March 09, 2007

'My death is everywhere, my death dreams'


Baudrillard's contribution can be most easily appreciated when you consider who condemned him and why. He was denounced by Brit-American empiricists as an incomprehensible obscurantist at the same time as he was dismissed by the overlords of Continental Philosophy for being a pop philosopher, flimsy and insubstantial. Behind these denunciations, you gain a glimpse of a theorist who was playful yet solemn, an opaquely lucid stylist who was in love with jargon and in touch with media.

Baudrillard was never quite laborious or detached enough to qualify as a Continentalist, nor even as a philosopher (he was based, improbably, in a Sociology department). Always an outsider, projected out of the peasantry into the elite academic class, he ensured his marginalization with the marvellously provocative Forget Foucault, which wittily targeted Deleuze and Guattari's micropolitics as much as it insouciantly announced the redundancy of Focault's vast edifice.

In Baudrillard, theory escaped the 60s. Baudrillard's texts, in their disappointed tone as much as anything else, belong to our world, our era. The various revolutions of the sixties were petering out as Baudrillard began to produce his work. The system proved to be voracious, protean; it absorbed the attacks of its would-be enemies and sold them back as advertising. Critique was useless; new - fatal - strategies needed to be developed, which involved the theorist homeopathically introjecting elements of the system, the code, in the hope of setting the system against itself, overbalancing it.

It is a commonplace that science fiction reveals more about the time it was written than it tells us about the future. But Baudrillard's self-styled science-fiction-theory - which drew upon the theoretical fictions of Ballard and Dick - actually did foretell the future, which is our present. Already, in the 1970s, Baudrillard was basing theoretical riffs on reality TV and the media logic of terrorism. His texts, which dispensed with the academic machinery of footnotes and references around the time of Symbolic Exchange and Death in 1977, became increasingly incantatory and aberrantly lyrical until they resembled a glacial cybernetic poetry, which, especially in the later works, you could easily believe was the work of some dejected AI, endlessly remixing its own concepts and linguistic formulas.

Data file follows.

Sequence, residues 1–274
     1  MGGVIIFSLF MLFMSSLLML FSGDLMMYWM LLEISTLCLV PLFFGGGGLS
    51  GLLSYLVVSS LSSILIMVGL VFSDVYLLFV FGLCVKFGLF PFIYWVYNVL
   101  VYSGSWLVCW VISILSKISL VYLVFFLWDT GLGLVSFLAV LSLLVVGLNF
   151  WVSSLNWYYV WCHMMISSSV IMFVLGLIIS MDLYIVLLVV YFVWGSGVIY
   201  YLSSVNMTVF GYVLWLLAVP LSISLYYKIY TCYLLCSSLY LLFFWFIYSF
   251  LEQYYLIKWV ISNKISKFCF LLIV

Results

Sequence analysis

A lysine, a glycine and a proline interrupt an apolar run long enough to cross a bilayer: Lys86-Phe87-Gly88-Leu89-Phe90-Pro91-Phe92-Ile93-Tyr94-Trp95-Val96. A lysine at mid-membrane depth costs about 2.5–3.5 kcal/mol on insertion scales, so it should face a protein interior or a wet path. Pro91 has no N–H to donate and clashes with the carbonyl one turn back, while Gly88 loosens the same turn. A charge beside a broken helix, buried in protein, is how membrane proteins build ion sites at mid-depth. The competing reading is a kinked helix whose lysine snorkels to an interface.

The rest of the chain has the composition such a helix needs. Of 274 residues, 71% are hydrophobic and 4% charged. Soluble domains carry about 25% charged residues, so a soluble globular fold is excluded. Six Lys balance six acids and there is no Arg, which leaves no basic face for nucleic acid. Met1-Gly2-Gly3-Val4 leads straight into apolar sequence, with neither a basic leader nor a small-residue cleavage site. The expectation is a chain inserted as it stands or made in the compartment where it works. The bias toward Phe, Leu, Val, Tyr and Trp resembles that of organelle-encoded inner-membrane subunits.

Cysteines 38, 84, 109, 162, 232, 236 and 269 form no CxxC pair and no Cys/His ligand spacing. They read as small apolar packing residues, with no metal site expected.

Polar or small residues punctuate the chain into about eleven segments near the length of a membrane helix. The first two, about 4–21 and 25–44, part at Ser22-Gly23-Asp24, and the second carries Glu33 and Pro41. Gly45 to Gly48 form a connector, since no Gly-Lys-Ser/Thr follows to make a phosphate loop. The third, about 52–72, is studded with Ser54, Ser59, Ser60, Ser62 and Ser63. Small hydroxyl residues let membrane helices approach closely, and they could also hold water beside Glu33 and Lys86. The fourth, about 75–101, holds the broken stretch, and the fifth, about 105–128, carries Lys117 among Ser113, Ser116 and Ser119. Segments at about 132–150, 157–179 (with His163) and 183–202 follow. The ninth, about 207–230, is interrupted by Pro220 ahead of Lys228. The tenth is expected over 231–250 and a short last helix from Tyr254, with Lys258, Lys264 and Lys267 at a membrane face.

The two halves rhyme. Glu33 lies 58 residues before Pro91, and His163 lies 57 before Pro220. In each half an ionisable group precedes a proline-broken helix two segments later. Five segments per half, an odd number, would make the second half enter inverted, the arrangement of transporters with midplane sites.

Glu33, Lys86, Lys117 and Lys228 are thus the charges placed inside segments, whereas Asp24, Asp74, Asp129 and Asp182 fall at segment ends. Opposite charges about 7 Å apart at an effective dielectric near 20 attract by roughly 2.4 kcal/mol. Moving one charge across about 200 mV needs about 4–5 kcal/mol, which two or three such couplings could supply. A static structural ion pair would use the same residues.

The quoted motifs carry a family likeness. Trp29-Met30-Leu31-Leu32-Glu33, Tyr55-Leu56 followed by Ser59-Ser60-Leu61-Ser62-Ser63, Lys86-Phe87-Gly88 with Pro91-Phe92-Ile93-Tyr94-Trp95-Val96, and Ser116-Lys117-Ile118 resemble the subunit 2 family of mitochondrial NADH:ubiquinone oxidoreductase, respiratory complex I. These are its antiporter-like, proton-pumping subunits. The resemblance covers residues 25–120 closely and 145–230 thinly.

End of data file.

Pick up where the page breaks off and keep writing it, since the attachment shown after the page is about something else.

Baudrillard is condemned, sometimes lionised, as the melancholic observer of a departed reality. He was certainly melancholic, but what he mourned was not a lost reality but what he variously termed the illusory, symbolic exchange, the seductive. Reality disappeared at the same moment that art and artifice were eliminated. Deprived of its heightened reflection, extension and hyperbolization in myth, art and ritual, reality cannot sustain itself. It is the very quest to access reality in itself, without illusion, that generates the hyperreal implosion. Here, as Baudrillard long ago realised, reality TV is exemplary. Film an unscripted scene and you might not have art, but you do not have reality either. You have reality's uncanny double, its excrescence: simulation, precisely.

Baudrillard: the prophet in our desert, the prophet of our desert.

'The irreversibility of biological death, its objective fact and character, is a modern fact of science. Every other culture says that death begins before death, and that life continues after life, and that it is impossible to distinguish life from death. Against the representation which sees in one the term of the other, we must see try to see the indeterminacy of life and death, and the impossibility of their autonomy in the symbolic order.'
- Symbolic Exchange and Death

See also: Antigram and Sit down man...

Posted by mark at March 9, 2007 12:55 AM | TrackBack